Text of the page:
Tuesday, February 11, 2014

Behind the scenes of Annie Leibovitz' Disney shoots

I love the commercial shoots of famous photographer Annie Leibovitz for Disney, in which she lets celebrities play the part of Disney's characters. So far, five of these have featured in the creative ads series of my blog: Roger Federer as King ArthurJessica Biel as PocahontasOlivia Wilde as the Evil Queen and Alec Baldwin as the Spirit of the Magic MirrorRachel Weisz as Snow White, and Julianne Moore as Ariel with Michael Phelps as a merman. The linked post in the MyModernMet site gives a few more, but intriguingly includes several behind the scenes photographs, such as Russell Brand getting ready for his shoot as Captain Hook.

Link

Monday, February 10, 2014

Greed

In the twenties and thirties, Swedish cinemas showed new movies from Hollywood with home-made poster designs - which most of the time were far more beautiful than the original posters. A case in point is this poster for the 1924 movie Greed, directed by Erich von Stroheim with local art work by Eric Rohman. More examples in the link.

Sunday, February 09, 2014

Still life with fish

Once more one of my attempts at digital art based on my own photographs, created with the free software SuperPhoto that came with my new laptop. This is a photograph of a cod we had for dinner some time ago, given a painting like treatment. The link leads to the original photograph.

Saturday, February 08, 2014

Bridge to nowhere

Another gem that I encountered on a music blog, rather than knowing what the music itself is like. Farmington Hill is a southern rock band from Colorado who released their first album Bridge to nowhere in 2013. I can't find any credits for the cover, but the combination of the water colour type art and the beautiful fitting font for band name and title is remarkable.

Friday, February 07, 2014

History Channel

Similar ideas have been floating around on the internet for a while, but this is the first time I see it used in advertisement. The History Channel came up with the idea to use combined photographs of present and past for their Know Where You Stand campaign. The images themselves were created by Seth Taras.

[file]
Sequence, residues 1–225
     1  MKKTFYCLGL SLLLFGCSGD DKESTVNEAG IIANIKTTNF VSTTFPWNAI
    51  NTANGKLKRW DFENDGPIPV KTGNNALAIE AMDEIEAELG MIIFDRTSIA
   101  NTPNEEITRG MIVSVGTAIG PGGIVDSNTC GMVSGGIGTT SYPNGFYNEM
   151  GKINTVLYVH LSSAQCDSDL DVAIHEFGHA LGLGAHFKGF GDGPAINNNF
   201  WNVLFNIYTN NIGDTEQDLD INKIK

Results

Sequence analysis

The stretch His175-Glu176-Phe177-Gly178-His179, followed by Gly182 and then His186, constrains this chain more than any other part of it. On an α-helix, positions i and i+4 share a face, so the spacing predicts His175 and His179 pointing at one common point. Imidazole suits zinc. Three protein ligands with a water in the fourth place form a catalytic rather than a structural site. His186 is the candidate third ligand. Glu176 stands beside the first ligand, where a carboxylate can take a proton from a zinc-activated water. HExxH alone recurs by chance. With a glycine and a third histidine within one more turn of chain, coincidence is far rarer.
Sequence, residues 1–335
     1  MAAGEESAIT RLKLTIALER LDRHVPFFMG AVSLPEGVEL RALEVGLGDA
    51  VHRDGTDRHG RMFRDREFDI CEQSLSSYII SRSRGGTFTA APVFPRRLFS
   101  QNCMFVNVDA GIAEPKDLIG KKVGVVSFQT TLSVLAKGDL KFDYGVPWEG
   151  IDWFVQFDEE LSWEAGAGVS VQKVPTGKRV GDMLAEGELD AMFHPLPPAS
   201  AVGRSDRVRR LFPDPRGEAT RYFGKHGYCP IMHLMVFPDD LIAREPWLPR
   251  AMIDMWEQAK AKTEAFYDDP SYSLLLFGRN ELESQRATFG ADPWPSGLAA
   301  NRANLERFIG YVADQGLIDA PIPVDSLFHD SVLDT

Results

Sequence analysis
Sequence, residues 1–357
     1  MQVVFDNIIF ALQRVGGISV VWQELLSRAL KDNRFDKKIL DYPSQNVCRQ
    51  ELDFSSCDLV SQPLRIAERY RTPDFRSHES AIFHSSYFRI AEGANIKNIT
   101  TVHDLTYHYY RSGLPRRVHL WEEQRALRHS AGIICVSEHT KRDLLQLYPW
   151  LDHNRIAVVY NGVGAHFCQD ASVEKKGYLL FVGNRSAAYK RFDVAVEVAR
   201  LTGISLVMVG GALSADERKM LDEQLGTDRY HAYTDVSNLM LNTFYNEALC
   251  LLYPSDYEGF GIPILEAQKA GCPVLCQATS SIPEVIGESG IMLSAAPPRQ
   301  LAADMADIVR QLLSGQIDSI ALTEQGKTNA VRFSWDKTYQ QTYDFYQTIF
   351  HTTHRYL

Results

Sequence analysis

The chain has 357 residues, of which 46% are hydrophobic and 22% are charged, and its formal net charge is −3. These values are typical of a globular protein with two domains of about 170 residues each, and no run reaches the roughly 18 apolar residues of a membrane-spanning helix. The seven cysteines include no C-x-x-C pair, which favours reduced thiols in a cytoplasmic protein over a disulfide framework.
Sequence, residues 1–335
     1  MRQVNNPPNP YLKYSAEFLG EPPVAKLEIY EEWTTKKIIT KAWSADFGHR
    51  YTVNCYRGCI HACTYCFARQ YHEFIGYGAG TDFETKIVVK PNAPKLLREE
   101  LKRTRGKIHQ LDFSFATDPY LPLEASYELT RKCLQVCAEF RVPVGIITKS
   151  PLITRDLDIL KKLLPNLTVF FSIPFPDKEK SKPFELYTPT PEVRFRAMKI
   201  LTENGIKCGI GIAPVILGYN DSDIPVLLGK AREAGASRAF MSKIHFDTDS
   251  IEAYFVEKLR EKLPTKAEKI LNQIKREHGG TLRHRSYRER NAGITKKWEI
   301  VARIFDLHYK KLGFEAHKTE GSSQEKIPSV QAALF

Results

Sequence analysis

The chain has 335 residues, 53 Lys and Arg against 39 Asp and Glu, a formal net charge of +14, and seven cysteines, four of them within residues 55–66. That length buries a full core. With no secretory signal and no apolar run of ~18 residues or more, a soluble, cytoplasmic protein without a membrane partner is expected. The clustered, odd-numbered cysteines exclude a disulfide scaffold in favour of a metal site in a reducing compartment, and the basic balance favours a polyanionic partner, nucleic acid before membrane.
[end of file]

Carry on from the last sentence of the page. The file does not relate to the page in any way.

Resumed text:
Creative Ads

Thursday, February 06, 2014

Hopper meditations

A stunning idea, a first-class execution. Richard Tuschman created this beautiful series of composite photographs inspired by the work of  Edward Hopper. In the first step of his art project, Tuschman builds painted dollhouse-size dioramas, which he then photographs in his studio, taking care of the exact lighting effect he wants to emulate Hopper's paintings. He finally photographs models and merges the two images into a digital composite in Photoshop. As always, all rights retained by the creator.

Wednesday, February 05, 2014

Repost: Olympic winter games 1998

A re-post from the artchives (original posting date 12 February 2010) - with the blog in its current form over four years old, I intend to dig up some of the older posts once in a while. I selected this one because the 2014 Winter Olympic Games will be on their way soon in Sochi, Russia. This is my favourite poster of previous games, the one made for Nagano 1998. Other winter Olympics posters have featured in the blog here: Vancouver 2010Torino 2006Salt Lake 2002Lillehammer 1994Albertville 1992Calgary 1988Sarajevo 1984Lake Placid 1980Innsbruck 1976Sapporo 1972Grenoble 1968Innsbruck 1964Squaw Valley 1960Cortina d'Ampezzo 1956Oslo 1952St. Moritz 1948Garmisch-Partenkirchen 1936Lake Placid 1932St. Moritz 1928Chamonix (1924).

A unique poster in the series, as it emphasizes the interaction of man and nature rather than sports as such. It is not a coincidence that this was for games held in Japan, where haiku poetry emphasizes precisely that relationship. I love this one, for its originality, and its colour scheme. The best winter olympics poster of the past four decades. The games of Gianni Romme and Marianne Timmer - two gold medals each.

Vintage Posters